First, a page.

Steve Statler 04:57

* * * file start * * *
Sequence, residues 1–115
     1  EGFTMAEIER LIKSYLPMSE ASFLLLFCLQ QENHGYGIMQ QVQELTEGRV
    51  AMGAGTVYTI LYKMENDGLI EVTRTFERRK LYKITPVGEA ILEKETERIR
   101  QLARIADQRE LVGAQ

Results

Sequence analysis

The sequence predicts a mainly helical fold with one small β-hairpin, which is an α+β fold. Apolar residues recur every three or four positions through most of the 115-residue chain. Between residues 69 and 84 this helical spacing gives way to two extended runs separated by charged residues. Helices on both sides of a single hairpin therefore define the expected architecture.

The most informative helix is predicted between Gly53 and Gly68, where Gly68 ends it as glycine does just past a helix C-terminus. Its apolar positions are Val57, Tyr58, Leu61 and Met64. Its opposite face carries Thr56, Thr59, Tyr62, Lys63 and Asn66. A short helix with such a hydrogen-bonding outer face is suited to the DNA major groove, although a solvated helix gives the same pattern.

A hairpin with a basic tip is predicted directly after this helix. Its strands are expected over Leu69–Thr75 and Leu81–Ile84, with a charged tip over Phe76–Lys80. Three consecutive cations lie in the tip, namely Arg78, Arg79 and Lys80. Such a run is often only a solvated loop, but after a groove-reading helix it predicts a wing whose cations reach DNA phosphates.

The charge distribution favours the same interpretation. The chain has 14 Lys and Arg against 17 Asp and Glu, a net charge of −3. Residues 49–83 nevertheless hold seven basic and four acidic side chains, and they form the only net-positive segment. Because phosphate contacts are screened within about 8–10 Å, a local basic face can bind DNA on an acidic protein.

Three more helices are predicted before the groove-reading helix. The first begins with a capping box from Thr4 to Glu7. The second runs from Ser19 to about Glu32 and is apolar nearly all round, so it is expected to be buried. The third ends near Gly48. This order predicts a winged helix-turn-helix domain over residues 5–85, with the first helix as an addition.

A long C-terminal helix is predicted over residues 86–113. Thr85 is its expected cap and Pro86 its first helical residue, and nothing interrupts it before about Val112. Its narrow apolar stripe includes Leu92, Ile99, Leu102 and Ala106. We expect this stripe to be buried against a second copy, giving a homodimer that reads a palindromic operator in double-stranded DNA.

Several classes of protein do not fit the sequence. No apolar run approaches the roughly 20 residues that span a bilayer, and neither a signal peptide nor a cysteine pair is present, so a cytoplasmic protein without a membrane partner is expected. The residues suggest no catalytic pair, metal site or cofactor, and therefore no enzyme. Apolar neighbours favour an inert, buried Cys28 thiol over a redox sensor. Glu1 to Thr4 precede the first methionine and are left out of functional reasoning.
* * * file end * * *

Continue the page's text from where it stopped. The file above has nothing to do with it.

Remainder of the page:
Yeah, I agree with that. I have a Maybe a slightly more jaundiced view of what they've done. I on one hand, I feel like it's from the best of motives. And the fact that you see Apple and Google collaborating very effectively, is tremendous. I think that they they have admirable motives to drive it. But what I've not seen as a lot of success in using those API's, the UK they had an app that was going to use that, and that seems to have been a damp squib. It's it's not really appeared. And when I've tried to find apps that are actually using the API, they're very few and far between. I couldn't find any that will help us in California, which is, you know, the state was bigger than most countries. And you know what I am, if I'm even more negative, what I'm seeing is a level of design, which was really Putting battery life before human life, the system that they're using, they're using this region monitoring primitive to, which is kind of a very efficient way of saying roughly Am I close is my phone close to your phone as opposed to the ranging, which is very much more battery intensive that kind of generally runs in the foreground. And because it's constantly measuring received signal strength, it's going to chew up your battery somewhat. And so what we've got is a very efficient mechanism that tells you if you're roughly close to someone else, but knowing that you're roughly close to someone else, is almost worse than useless. Because it generates a huge number of false positives. And it's really hard to differentiate what is a negative contact or not, and I think it could have been done differently. And I think they've really over indexed on the privacy thing to the extent that they're not providing the data that is really needed by enterprises and governments to do the kind of work that needs to be done. That said, they got a tremendously difficult job, and they would have probably been absolutely secured. Ton what I'm advocating, which is put privacy to one side and sacrifice the battery. So I don't know if there's a good solution to that. But what it does tell me is that there's certainly a gap there that can be filled by other solutions. And I think that's what you've been analyzing. In your report. You mentioned that part of what people are looking at is proximity to each other. Are you far enough away from each other? Are people looking at proximity what you've touched? I know that's we're going off on a little bit of a tangent, but in the early days, it was a lot of concern about what people Touch. It seems like that's less of a concern now, is that what you're seeing? Are people not really addressing that use case?